Anne with an E star, Miranda McKeon talks about being diagnosed with cancer at age 19 and how she strives to find beauty in it.
Anne with an E The star, Miranda McKeon, said she was diagnosed with breast cancer at the age of 19. Anne with an E was an original Netflix series based on the Anne of the Green Gables books by Lucy Maud Montgomery. McKeon portrayed Josie Pye, a friend and classmate of Anne Shirley. The series ran for three seasons before Netflix canceled it. Anne with an E the cancellation sparked petitions for its renewal as viewers expressed outrage at the sudden cancellation.
Anne with an E received positive reviews as many praised him for his accurate depiction of the life of an orphan girl and for the way he tackled heavy topics of child abandonment, trauma, race and feminism. McKeon’s Josie exemplified many of these topics as she struggled with an abusive family member and often turned to bullying as an outlet. However, she grew as individuals and soon even found an ally in Anne. The strength and growth of her character was impressive, but perhaps pale in comparison to McKeon’s actual strength.
In an interview with PeopleMcKeon spoke of being diagnosed with breast cancer at age 19. McKeon was spending a weekend at a beach house with friends when she noticed a lump on her breast. An ultrasound and biopsy quickly confirmed she had breast cancer, making her one in a million due to her young age. Her cancer is considered stage 3 due to its spread to her lymph nodes and McKeon will have to undergo four months of chemotherapy, followed by radiation therapy and possible surgery. However, the likelihood of her recovery is high due to her age and general health. For now, she remains strong and strives to find beauty in it all. She began to document her journey in a blog, hoping that she could inspire, comfort and heal others in similar situations. Check out his statement below:
My doctor said to me, ‘Your stage doesn’t define you. And your cancer is your cancer. Which I appreciate because when you hear someone on stage your mind goes straight to one place or another and I don’t think that’s necessarily representative of what I’m going through. While I don’t have the simplest scenario, like I wish it hadn’t spread to my lymph nodes or was a little less complicated, I never had a moment where I was am said, ‘Oh, am I going to die of this?’ It was never really a thought. I think all this time it was more like, “Okay, we’ll deal with this and fix it.” I do my job of finding the beauty in it all. I wouldn’t have chosen that, I didn’t choose that, I don’t think anybody would choose that. But I’m doing my job to try to get something out of it. My blog is the only thing that’s super tangible that came out of where I’m like “Shit, this is awesome.” I hope that by documenting a good majority of this someone else can read it as they need it and find comfort and healing in the way. I write it. I feel like as humans we look at other people in other situations and think, wow, how do they do that? Or wow, I could never do that. And I probably would have thought the same of myself, but here I am and now I live in this story and I think we can all handle a lot more than we think we can.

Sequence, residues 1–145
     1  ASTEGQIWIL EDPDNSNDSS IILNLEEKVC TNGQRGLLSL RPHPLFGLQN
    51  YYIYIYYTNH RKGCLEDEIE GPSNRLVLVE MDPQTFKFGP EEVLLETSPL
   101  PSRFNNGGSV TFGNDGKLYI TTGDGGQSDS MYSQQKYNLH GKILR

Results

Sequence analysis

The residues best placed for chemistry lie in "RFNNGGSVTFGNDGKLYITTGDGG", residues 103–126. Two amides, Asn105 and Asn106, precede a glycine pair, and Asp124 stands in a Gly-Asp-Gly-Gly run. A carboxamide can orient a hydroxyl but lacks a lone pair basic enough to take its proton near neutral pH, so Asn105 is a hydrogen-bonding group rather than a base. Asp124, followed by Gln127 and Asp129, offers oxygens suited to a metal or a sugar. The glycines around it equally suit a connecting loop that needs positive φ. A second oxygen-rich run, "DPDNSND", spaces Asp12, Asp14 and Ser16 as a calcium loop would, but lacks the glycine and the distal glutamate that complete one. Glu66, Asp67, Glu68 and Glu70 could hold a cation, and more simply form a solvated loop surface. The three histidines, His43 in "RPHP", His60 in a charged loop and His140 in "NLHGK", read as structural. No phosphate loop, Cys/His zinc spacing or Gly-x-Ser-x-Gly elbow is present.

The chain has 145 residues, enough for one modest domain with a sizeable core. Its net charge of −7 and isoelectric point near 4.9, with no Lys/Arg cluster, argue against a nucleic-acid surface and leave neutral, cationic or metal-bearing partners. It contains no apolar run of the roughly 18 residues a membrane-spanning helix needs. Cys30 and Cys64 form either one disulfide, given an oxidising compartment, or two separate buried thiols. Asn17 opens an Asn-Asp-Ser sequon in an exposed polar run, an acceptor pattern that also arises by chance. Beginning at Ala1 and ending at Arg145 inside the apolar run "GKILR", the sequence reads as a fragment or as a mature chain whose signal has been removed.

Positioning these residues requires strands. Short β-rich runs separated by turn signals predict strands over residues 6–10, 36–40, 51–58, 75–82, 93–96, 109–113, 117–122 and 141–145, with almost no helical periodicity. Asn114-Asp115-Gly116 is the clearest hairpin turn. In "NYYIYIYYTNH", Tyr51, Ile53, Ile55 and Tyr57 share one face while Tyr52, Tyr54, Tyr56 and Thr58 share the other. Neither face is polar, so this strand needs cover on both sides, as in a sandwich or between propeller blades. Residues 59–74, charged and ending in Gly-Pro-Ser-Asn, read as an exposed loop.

The old one Anne with an E star showed incredible maturity and poise in her discussion. Being diagnosed with breast cancer at age 19 is extremely rare, with less than 2% of all cases diagnosed before the age of 34. McKeon also acknowledged that there are many other aspects of cancer as a woman that most don’t hear about, such as freezing her eggs as a precaution in case her cancer affects her pregnancy. Still, McKeon doesn’t complain and acknowledges that while her diagnosis is complicated, she is fortunate that it is treatable and likely not fatal. She didn’t choose her diagnosis, but made it her mission to make it meaningful through her writing.
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